Photo Source: Feel Rich
Can we talk about pain for a minute? Recently I wrote about my struggle with emotional eating. I understood that I was eating my pain long before I kicked the habit for good. Of course, it started insidiously. For most of my teenage years much of my emotional eating was done on autopilot. I lived for the rush that came from the food I was eating, but I wasn't quite aware that that was the case. I would eat enough that the pain would become imperceptible, and I would remain distracted right up until it was time to eat again. This worked for many years, but the pain continued to mount. The stress continued to grow, my worries became bigger, and eventually, food simply wasn't enough to hide the fact that I was hurting.
I suspect that this is how it goes for a lot of people. By the time we even become aware that we have a problem, it's already become habit. We do it every day, multiple times per day, and because the harm isn't immediate it's easy for us to wake up in the morning and do it all over again. But at some point, the signs start to appear. The consequences start to creep up, slowly but surely. We know that we have to change, but we're in so deep that it seems like such an impossible feat, and even when we decide we're ready, we struggle to fight the temptations. The behavior has become so ingrained in our everyday life that it's hard to get control of it. We've become addicted.
So why am I bringing this up? Recently I watched a new documentary on Netflix called 'Feel Rich', which features several Hip-Hop stars discussing the importance of wellness in "the Black community" (I hate to refer to us as a monolith but bear with me), and the urgent need for us to take the health of our minds, bodies, and souls seriously. At first blush the concept almost seems condescending, rich rappers telling regular folk that true wealth lies in health, and I admit I was skeptical initially. However the film stirred up some emotions that ultimately changed my mind. The film has an important message, and it needs to be heard.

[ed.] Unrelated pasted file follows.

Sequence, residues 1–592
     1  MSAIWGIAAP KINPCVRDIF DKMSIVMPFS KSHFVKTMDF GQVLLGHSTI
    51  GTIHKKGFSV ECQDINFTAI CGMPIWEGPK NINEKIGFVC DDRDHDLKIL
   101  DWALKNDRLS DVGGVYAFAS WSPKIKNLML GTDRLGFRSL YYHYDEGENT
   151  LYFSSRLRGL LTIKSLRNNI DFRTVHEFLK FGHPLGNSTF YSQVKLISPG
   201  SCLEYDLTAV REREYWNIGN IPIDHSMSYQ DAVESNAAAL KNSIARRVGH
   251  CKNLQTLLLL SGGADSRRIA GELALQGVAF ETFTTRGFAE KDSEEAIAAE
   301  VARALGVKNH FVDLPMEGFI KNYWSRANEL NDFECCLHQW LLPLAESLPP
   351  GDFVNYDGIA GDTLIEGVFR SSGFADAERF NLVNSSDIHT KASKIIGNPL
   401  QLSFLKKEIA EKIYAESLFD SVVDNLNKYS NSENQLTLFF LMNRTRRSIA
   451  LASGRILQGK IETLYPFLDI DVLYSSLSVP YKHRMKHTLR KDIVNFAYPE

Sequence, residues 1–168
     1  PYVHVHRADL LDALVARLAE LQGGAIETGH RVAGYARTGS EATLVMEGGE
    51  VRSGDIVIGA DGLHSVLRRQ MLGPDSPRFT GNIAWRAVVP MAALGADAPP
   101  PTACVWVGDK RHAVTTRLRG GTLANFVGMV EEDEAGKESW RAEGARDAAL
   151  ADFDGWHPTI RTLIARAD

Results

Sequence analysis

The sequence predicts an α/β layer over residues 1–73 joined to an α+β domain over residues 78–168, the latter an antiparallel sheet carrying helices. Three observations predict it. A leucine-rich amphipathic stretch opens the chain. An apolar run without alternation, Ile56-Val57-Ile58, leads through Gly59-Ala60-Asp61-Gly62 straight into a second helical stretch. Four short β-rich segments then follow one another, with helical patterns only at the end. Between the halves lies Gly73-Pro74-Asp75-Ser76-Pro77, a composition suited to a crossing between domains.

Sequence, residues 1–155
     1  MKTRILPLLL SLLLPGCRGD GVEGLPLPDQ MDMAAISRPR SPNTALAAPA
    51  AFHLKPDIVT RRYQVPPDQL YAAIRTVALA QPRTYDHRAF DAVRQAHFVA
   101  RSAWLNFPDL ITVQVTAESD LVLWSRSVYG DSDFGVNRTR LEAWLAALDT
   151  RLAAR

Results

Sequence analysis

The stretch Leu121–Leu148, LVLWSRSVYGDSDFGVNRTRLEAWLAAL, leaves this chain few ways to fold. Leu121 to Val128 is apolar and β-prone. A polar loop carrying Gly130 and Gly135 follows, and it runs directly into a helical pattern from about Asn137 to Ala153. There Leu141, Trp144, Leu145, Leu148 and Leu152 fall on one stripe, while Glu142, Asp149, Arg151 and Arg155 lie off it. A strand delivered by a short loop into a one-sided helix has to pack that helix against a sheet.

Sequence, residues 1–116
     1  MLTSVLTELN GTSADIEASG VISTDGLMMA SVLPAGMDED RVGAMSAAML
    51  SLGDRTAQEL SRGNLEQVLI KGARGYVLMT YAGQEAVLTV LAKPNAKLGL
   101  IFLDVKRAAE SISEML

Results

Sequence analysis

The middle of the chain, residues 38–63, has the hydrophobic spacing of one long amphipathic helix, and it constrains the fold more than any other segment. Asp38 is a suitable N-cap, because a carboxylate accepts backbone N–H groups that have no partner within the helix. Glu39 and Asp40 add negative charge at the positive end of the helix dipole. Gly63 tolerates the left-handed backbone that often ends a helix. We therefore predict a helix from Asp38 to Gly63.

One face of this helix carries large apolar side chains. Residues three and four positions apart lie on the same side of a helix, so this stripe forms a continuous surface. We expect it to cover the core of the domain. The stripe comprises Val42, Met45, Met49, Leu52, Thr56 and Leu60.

What I saw in the film is a level of vulnerability rarely seen in Hip-Hop. In an industry that thrives on maintaining a facade of invincible masculinity, it was refreshing to see men being real about their own struggles with food, drugs and health. But, considering that many of their peers are prematurely dying at an alarming rate, it was very much so coming from a sober place of urgency. On top of the varying degrees of violence that Black people face daily, the overwhelming lot of us are being victimized by the food we put on our plate. You might say, "well, we choose what we eat". Well my response is, yes you do, but no you don't.